Anyway, onto things I really liked about this book.  Tiffany, like I said, is amazing, and the whole crew – Granny Weatherwax, Nanny Oggs, and the Nac Mac Feegles – is there.  I loved Tiffany’s insights into growing up female and her interactions with Leticia, the other main female character.  Though they don’t quite develop a friendship, I thought the interactions between Tiffany and Leticia were the best parts of the book.  I especially loved how Tiffany, now working full-time as a witch and making adult decisions on a daily, if not hourly, basis, does not let anyone call her (or Leticia) a girl.

Tiffany’s narration of the plot was a nearly perfect blend of observations, reactions, and analysis.  Enough mundane things happened that you got a sense of who Tiffany is, and how the village runs, but never get bored.  Then the exciting and adventurous things occur, of course, and while I got swept up in them, I never lost the narrator.  It always felt like Tiffany was present and experiencing and reacting to the events rather than telling a story.

On the whole, it’s an excellent older child’s/YA fantasy book – better than most, I would say.  But – Pratchett’s Aching novels always feel to me like a simpler, slightly diluted version of his adult work; a toning down of the sharpest edges of wit and very little cynicism.  And I just prefer his adult novels.  I read these ones when I have a chance – but I don’t seek them out.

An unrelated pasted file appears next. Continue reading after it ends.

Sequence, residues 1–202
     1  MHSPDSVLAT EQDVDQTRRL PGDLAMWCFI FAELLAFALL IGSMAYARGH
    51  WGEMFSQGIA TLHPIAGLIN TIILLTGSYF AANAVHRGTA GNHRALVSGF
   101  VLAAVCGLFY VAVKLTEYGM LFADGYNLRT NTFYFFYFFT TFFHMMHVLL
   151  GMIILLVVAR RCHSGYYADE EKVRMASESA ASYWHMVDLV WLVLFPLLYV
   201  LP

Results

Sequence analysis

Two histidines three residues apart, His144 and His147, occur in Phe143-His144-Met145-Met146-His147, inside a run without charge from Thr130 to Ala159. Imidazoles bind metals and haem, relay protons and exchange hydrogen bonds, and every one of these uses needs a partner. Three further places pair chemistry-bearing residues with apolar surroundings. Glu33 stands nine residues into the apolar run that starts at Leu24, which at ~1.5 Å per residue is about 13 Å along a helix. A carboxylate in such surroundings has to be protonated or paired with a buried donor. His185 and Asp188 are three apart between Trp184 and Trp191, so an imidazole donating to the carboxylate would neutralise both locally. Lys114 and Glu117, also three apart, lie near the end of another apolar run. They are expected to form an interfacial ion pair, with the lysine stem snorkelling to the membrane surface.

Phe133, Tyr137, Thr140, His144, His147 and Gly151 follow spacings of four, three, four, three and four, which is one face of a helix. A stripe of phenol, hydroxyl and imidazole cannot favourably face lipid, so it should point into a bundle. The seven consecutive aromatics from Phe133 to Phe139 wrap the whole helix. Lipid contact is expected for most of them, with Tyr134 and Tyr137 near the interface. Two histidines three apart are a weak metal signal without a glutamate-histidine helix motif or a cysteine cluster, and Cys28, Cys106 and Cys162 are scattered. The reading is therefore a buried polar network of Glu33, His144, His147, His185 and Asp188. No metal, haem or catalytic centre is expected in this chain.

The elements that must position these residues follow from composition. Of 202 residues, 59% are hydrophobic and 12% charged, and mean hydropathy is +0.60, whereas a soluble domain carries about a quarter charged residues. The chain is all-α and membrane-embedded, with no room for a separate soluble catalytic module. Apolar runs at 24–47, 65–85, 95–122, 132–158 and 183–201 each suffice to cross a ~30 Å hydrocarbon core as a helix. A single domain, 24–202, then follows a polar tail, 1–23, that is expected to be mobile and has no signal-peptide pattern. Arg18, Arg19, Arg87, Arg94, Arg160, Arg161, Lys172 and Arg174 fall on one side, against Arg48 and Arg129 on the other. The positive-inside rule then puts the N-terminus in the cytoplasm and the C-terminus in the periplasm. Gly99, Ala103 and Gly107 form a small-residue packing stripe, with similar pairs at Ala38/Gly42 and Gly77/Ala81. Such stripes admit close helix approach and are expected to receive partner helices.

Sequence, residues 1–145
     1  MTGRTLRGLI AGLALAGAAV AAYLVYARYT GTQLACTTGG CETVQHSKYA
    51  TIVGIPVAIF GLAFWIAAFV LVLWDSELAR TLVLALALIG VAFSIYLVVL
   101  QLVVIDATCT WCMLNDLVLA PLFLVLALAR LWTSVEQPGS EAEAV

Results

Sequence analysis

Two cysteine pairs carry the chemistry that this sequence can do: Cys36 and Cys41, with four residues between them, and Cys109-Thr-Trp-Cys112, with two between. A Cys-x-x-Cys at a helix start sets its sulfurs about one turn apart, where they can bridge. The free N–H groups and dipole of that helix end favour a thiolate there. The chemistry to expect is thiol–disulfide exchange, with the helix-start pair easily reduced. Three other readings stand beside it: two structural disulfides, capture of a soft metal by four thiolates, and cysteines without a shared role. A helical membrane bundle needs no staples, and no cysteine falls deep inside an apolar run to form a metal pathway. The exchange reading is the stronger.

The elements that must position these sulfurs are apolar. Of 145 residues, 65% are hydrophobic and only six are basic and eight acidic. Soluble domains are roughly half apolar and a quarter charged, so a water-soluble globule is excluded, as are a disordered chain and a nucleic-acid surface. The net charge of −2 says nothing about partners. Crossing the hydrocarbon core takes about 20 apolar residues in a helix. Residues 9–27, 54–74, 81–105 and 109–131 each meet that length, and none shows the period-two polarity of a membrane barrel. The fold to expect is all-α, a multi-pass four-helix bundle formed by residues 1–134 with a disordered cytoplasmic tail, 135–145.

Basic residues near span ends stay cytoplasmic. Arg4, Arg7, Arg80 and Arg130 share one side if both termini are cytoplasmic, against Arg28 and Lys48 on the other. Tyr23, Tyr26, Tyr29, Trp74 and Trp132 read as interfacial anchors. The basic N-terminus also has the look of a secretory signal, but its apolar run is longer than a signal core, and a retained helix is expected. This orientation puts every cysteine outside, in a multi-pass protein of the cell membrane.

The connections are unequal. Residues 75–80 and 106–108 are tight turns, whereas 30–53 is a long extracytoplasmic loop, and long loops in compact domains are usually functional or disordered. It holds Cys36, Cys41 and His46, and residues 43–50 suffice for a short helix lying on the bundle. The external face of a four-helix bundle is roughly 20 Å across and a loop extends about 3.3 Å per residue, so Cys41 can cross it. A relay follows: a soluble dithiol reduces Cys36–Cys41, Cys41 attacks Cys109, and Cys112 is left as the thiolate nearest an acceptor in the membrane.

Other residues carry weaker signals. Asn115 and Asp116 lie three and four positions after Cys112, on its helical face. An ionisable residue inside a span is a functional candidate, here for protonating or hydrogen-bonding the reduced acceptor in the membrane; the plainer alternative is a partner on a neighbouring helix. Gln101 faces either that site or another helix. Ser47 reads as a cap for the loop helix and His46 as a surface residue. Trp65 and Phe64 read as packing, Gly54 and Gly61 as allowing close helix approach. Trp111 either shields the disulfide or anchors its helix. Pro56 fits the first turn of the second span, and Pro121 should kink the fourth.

On the whole, if you’re looking for a YA novel with witty observations and great humor, or if you love Pratchett, you should definitely try reading this book.  If you don’t like escapism books that deliberately provoke thought, however humorously, or if you want your Pratchett with an adult edge, then, alas!, perhaps this isn’t the book for you.

The Carpet People

carpetpeopleby: Terry Pratchett

The Carpet People is Terry Pratchett’s very first book – kinda.  It was the first book he ever published but after he made it big – long after this was out of print – people started trying to find it.  So he went back and reread it and then he rewrote it as a 40-ish successful writer.  In the introduction, he says it is not the book he wrote at 20 but also not the book he would have written at 40. Which makes it a fascinating book to read, if you’re curious about his development as a writer.